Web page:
Technological innovation has a very low chance of creating the mass job displacement predicted by many experts, according to research recently released by the Information Technology and Innovation Foundation (ITIF).

“There has been this growing concern, not just in the United States but really around the world, that we’re somehow poised to enter this really unprecedented technological revolution, and it’s going to have major negative impacts on the labor force. Let me suggest that neither of those are really right,” said Rob Atkinson, president of ITIF. “The reality is, most jobs are super hard to automate.”

The research compared data on current job disruption in the U.S. to that of decades past going back to 1850, and found that the level of job disruption today wasn’t even comparable to disruption during the Industrial Revolution.

“There’s a real, sort of, poverty of the imagination when it comes to thinking about the future,” said Adam Thierer. (Photo: Mercatus Center)

“Essentially what we did was we looked at each decade and said ‘in the decade, how much occupational churn is going on?’ ” said Atkinson. “If you look at 2000-2010, which is the last full decade pair that we have, what you see there is that it’s the lowest rate of occupational change in history, since 1850.”

“The idea that technology is inevitably accelerating is in fact not a historically supported idea. The fact is that there are waves of historical change in technology; they come, they go, there is nothing inevitable about them,” said Robert Friedel, professor of History of Technology and Science at the University of Maryland. “We have absolutely no reason, I would argue, to suggest that that pattern is somehow permanently broken.”

Though since 1950 technology has never created more jobs than it has destroyed, Atkinson said, the increased productivity resulting from automation has always raised wages and increased demand for more products within the market, thereby indirectly creating jobs.

Atkinson added that the kind of artificial intelligence that most people worry about stealing their jobs will likely not exist for generations.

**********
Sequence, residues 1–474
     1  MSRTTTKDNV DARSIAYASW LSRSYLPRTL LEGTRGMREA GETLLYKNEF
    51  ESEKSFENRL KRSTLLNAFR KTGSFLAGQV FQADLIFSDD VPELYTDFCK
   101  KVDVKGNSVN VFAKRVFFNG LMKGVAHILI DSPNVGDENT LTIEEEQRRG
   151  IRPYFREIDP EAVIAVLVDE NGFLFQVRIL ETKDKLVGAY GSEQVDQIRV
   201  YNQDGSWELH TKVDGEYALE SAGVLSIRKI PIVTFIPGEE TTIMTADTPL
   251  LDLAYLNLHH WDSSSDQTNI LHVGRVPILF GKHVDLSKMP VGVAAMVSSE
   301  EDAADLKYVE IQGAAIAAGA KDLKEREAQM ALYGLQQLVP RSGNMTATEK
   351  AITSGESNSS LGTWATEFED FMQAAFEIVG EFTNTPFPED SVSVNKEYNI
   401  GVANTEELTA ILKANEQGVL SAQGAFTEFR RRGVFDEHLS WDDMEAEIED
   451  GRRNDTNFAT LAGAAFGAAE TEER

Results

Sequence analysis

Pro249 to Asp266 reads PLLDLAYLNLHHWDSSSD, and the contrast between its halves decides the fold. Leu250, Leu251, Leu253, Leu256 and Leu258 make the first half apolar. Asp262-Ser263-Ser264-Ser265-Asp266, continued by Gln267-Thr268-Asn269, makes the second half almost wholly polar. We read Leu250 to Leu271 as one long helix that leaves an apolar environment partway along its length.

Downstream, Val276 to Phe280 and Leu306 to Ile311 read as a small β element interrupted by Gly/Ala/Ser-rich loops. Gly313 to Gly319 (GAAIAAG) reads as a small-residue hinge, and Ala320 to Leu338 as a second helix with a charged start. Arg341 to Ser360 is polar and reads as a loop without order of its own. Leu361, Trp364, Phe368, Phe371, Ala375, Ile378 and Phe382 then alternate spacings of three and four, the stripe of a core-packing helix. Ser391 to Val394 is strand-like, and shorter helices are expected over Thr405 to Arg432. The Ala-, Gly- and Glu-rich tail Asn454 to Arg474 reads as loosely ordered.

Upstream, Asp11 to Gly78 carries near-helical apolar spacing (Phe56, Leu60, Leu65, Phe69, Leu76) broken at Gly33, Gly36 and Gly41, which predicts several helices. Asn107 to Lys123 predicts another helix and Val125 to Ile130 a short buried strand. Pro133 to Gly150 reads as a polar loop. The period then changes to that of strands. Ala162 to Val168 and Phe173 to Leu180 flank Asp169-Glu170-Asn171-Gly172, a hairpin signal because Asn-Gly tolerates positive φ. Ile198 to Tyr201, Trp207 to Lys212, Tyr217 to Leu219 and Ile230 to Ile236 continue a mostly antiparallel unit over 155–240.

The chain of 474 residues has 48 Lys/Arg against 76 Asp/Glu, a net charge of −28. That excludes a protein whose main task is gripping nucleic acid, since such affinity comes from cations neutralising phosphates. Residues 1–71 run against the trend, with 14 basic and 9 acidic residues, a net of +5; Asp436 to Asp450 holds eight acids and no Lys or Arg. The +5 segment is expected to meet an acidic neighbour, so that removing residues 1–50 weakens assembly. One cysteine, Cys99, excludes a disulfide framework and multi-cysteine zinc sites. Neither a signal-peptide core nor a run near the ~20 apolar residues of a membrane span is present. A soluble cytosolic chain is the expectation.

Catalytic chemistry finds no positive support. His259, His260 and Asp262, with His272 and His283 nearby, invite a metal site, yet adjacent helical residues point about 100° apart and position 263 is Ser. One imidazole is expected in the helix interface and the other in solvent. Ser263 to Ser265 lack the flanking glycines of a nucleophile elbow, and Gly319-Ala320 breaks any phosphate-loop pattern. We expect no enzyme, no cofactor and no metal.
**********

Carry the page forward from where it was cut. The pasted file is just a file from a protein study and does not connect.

“What people mean by artificial general intelligence is a machine that’s basically as capable as a human, and therefore could do every job we could do. That’s as long away in my view as warp drive is,” Atkinson said.

“I think the facts really do favor the optimist if you look back across time at the technological innovation and global interconnection, two things that were to some extent demonized in the last presidential election, really by both sides,” said Rep. John Delaney, D-Md. “I think they’ve clearly been positive in the state of the world, state of the country, the state of humankind.”

According to Adam Thierer, senior research fellow at the Mercatus Center at George Mason University, part of the problem in understanding the job markets of the future is that people still don’t know what new technologies or cultural trends will dictate economic needs. For example, when the Reagan administration commissioned reports predicting the jobs of the future, the concepts and terminology for the actual jobs today didn’t even exist yet.

“In 1982, we did not even possess a vocabulary to discuss the professions of the present,” said Thierer. “There’s a real, sort of, poverty of the imagination when it comes to thinking about the future.”

Atkinson and the other speakers pointed out that technological innovation will eventually eliminate some jobs, just as it has in the past with professions like elevator operators. However, it is a change that will not happen overnight.

“Technology has always changed occupations,” said Atkinson.

“Over time, however, the winners tend to outnumber the losers by a considerable number,” said Friedel.

Edward Alden, Bernard L. Schwartz senior fellow at the Council on Foreign Relations, hypothesized that one of the reasons for today’s panic around technology and job loss is that the transition of work today, from manufacturing to IT and service jobs, is much harder than the past transition from farming to manufacturing.

The speakers agreed that it is the responsibility of policymakers to provide a safety net for the inevitable losers of technological innovation and to redirect them into new areas of the workforce.

“I think what is really needed is the development of a political consensus, and I think it’s based on a truth which is that the very real gains from innovation, from technology, from trade, are going to be threatened if we don’t come up with systems that help Americans make the adjustment better than we have so far,” said Alden.

“We as government have to be on the ball on this,” said Rep. Randy Hultgren, R-Ill. “There’s not enough things that bring us together–Republicans, Democrats, House, Senate–but this is one of those things.”

Delaney said that he sees this new policy focusing on expanding the K-12 education format, which was designed to fit the needs of the Industrial Revolution, and on providing training for those that lose their jobs.

“We have to really reimagine the social contract so people feel more secure, both in their lives and their ability to get the skills they need so they can get a job,” said Delaney.

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Jessie Bur
Jessie Bur
Jessie Bur is a Staff Reporter for MeriTalk covering Cybersecurity, FedRAMP, GSA, Congress, Treasury, DOJ, NIST and Cloud Computing.